Romance is so intrinsic to Tintamarre that the two have been inextricably linked since the very first time the island received its name. A word so typically French it bears no translation, like bougainvillea, or turquoise. A word from the New World, the Wiki(pedia), in its commendable effort to make things simpler, affirms it stems from Acadian French. Itself the paroxysm of romance, Acadia, a linguistic corruption or evolution from the prior Arcadia, seemed so beautiful to the Italian explorer Giovanni da Verrazzano, so perfect, that it evoked in him the idyllic state of perpetual happiness associated with the pastoral dream. Not that this bore any relevance a few hundred years later when Acadia was ceded to the British together with the rest of the French territories in modern Canada, in exchange for Martinique and Guadeloupe (those were the days!) as part of the Peace that put an end to the Seven Year War.
But I digress. Tintamarre, pure cacophony at its best, has a confused origin (then again, what, allow me to ask, hasn’t, at this point in time). Three syllables that allude to the foreign mystery of the new territories, to the muddled hierarchies of unknown lands, to the rattling noise of romance in the distance. Tintamarre, a small piece of flat land located some two nautical miles away from St. Martin’s quarter of Orleans, would have remained deserted and unnoticed just about anywhere else in the world. But not in the Caribbean.
In the Caribbean, where the English, the French and, for a brief period, the Dutch ploughed the seas in search of viable places where to assert their individual claims as Master of the region, even small, little Tintamarre had a role to play.
This role, however, would be substantially increased with the arrival in Sint Maarten of the young Diederik Johannes van Romondt, sometime in the early days of the nineteenth century. Escaping Europe on the eve of the Napoleonic Wars, Diederik Johannes excelled in the colonial setting, where he climbed the social ladder with such ease that he was appointed Governor to the island in 1820, before his fortieth birthday. Thus began the tale of a local dynasty that obtained as much land and power as could be had in the island. Fast forward the family saga by three generations and we come to the figure of Diederik Christian van Romondt, great-grandchild to the original Diederik Johannes.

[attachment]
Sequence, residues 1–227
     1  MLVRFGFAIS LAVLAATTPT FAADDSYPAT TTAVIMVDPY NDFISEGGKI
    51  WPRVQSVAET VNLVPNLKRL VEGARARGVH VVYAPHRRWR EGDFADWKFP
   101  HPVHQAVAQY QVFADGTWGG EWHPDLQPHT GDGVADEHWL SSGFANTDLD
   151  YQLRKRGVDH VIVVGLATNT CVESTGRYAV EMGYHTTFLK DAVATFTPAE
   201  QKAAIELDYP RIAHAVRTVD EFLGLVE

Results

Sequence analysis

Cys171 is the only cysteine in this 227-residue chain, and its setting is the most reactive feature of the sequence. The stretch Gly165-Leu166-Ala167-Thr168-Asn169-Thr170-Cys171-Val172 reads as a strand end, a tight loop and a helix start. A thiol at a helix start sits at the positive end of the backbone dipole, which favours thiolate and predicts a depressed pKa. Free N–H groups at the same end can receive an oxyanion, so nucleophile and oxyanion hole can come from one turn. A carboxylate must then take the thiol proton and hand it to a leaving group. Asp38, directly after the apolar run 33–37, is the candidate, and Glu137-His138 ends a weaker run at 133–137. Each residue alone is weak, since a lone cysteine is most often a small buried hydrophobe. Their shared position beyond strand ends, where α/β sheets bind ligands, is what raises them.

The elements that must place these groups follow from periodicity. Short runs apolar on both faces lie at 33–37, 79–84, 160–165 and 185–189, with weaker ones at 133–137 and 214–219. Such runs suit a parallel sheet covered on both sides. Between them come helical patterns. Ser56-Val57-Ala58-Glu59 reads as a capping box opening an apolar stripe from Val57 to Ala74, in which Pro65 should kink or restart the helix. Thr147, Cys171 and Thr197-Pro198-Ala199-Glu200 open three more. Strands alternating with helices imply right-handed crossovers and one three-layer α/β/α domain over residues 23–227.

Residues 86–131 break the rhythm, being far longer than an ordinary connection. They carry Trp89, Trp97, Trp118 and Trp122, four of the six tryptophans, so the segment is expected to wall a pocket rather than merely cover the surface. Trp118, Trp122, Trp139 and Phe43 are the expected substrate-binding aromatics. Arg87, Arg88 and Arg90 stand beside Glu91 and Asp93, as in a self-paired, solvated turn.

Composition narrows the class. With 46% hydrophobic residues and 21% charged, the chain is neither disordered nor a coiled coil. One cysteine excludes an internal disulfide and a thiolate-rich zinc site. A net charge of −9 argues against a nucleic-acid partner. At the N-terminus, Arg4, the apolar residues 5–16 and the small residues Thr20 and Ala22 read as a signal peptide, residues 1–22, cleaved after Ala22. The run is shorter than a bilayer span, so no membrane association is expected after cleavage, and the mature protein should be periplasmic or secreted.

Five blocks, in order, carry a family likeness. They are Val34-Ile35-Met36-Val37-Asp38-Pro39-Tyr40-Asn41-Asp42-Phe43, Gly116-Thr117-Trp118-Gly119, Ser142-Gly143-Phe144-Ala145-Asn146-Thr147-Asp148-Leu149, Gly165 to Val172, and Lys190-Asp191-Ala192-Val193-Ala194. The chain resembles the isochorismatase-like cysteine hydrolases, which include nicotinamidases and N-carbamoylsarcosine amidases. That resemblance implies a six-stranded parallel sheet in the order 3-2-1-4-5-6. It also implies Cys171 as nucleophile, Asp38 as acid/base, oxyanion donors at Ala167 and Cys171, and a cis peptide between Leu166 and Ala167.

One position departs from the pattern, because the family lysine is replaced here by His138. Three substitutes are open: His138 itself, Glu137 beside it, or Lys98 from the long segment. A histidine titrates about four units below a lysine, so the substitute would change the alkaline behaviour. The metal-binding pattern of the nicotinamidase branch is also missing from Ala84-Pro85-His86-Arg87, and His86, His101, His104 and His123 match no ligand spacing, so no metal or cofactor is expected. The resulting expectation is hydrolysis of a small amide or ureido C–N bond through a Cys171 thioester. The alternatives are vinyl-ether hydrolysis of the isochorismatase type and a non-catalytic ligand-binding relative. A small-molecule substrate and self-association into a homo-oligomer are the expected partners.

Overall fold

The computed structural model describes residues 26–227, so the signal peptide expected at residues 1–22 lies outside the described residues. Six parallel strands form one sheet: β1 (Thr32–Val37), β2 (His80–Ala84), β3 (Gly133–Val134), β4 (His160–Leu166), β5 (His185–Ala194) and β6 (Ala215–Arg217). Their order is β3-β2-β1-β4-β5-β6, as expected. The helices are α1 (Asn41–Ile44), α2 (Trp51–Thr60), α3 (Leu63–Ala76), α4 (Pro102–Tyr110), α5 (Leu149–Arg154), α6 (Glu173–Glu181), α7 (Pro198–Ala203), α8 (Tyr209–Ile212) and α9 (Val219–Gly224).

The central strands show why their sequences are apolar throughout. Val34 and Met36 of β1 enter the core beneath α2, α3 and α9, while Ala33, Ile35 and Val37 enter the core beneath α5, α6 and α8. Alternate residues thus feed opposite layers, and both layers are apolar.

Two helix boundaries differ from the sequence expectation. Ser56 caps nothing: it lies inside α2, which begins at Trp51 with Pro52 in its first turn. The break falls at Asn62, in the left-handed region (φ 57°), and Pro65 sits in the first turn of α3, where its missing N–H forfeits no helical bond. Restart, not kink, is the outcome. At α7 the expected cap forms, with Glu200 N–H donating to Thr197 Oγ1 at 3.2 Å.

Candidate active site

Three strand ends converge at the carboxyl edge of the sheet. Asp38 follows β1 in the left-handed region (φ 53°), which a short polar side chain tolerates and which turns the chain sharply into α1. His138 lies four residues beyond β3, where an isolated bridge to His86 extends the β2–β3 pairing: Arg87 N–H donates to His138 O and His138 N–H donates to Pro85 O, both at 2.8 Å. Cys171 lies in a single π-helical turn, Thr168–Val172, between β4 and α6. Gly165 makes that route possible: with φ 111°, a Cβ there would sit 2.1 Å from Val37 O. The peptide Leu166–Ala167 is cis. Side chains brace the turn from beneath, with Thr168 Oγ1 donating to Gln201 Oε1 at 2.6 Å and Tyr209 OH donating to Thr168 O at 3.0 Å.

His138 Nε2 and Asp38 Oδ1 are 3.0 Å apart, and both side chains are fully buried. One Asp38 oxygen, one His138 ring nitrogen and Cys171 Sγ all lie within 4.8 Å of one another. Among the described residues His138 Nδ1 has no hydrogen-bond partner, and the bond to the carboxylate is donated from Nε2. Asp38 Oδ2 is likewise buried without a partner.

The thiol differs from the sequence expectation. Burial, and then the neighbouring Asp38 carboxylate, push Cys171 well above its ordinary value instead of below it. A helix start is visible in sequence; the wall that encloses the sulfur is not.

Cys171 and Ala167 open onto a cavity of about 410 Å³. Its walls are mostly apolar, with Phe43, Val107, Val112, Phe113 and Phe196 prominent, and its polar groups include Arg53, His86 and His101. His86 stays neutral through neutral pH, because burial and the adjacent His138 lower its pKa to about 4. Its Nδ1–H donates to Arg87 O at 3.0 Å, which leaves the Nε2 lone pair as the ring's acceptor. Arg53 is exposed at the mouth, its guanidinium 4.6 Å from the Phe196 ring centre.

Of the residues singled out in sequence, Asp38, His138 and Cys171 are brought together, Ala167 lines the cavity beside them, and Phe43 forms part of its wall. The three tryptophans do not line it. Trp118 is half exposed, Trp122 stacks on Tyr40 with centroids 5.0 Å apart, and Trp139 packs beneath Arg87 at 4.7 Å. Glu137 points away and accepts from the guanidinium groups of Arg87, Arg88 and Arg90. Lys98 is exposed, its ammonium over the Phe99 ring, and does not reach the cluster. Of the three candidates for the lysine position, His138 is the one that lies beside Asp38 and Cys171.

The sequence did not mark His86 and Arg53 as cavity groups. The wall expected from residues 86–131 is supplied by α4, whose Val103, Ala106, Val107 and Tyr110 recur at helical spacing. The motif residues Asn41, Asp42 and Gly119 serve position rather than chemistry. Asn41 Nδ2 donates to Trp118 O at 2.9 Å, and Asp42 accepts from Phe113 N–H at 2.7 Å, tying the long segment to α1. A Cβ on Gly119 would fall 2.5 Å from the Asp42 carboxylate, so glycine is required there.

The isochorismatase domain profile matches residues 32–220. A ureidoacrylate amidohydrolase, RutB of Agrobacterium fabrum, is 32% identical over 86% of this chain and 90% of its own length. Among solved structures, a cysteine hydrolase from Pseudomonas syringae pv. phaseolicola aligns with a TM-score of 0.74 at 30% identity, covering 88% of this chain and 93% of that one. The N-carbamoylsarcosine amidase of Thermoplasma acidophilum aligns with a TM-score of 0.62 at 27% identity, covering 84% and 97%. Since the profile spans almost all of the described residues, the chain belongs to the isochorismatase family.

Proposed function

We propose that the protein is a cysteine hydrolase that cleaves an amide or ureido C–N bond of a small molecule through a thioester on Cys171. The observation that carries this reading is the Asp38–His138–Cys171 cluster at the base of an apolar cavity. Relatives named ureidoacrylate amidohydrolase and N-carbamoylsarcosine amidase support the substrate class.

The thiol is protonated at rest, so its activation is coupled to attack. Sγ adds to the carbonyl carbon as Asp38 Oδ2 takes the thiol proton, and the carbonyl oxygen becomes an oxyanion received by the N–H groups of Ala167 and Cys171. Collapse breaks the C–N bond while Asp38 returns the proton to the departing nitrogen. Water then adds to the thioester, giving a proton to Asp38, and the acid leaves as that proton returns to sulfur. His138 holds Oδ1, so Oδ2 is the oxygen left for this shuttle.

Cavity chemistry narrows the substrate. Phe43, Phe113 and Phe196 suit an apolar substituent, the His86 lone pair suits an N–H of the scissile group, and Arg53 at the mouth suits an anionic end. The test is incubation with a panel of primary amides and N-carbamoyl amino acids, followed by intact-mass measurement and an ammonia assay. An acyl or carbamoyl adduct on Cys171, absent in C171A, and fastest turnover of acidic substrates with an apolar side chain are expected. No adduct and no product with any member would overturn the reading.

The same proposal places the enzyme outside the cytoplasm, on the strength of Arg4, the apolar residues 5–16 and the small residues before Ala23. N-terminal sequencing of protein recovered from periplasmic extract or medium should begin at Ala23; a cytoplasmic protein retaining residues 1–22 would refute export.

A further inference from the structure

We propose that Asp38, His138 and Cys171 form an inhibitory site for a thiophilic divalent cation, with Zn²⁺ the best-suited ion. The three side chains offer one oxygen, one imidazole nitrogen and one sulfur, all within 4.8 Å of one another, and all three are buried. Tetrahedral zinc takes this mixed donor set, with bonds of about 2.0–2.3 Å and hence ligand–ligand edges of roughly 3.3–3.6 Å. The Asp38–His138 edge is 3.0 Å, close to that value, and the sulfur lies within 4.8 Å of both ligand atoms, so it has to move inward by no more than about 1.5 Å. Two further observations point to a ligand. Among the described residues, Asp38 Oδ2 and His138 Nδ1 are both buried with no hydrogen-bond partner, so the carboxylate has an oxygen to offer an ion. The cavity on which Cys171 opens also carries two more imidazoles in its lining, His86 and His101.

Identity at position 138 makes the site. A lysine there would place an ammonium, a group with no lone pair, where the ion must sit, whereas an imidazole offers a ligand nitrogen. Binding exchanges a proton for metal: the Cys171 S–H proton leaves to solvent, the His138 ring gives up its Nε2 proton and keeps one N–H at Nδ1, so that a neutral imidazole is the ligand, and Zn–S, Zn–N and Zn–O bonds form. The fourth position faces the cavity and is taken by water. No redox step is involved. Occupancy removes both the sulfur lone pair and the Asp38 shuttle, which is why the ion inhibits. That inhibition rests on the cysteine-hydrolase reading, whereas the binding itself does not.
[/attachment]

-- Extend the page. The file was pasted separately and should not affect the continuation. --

Legend has it that Diederik Christian, fed up with the payment of taxes in Sint Maarten, boarded up the property at his “Mary’s Fancy” estate and set off to the neighboring Tintamarre, sometime near the turn of the twentieth century. There he engaged a number of workers from Anguilla and Sint Maarten to built a large Manor House with a farm, where he cultivated Sea Island cotton and raised cattle and goats. Indeed, the construction of the house, together with the adjoining stone walls that most likely signaled the perimeter of the farm, must have taken a number of years to complete. So much so, that still today some Anguillian descendants of the men involved in the construction of the buildings tell in bewilderment the story of the crazy man who wanted a wall built around his island for no reason.
Eventually the farm was up and running, and, if you go by the information contained in St. Martin’s official website, Mr. van Romondt managed to raise as many as 70 heads of cattle and over 500 goats. While Sea Island cotton was certainly a successful enterprise in the island, it seems like the export of local diary products was already an important source of income for Mr. van Romondt. In a story that will be implausibly affected by the presence of a certain milk boy, this would make more than just a trivial fact.
Tintamarre’s notoriety as a fairytale location reached its climax in 1913, when an entry in the Parisian newspaper Le Journal described Diederik Christian van Romondt as the King of Tintamarre. Apparently the story hit the nail of escapism right on its head at a time when Europe was well on its course to battle it all out in a war to end all wars, because Mr. van Romondt received letters from admirers courting him all the way from France, Italy and Germany. Alas, in D.C. van Romondt suitors found a tough customer, as would be proven at last when he died, unmarried and without legitimate children, in 1948, no longer in Tintamarre, but back in his estate in Cul-de-Sac, “Mary’s Fancy”, which he left to his long-time partner, a native of St. Kitts whom everyone knew as Miss Josie.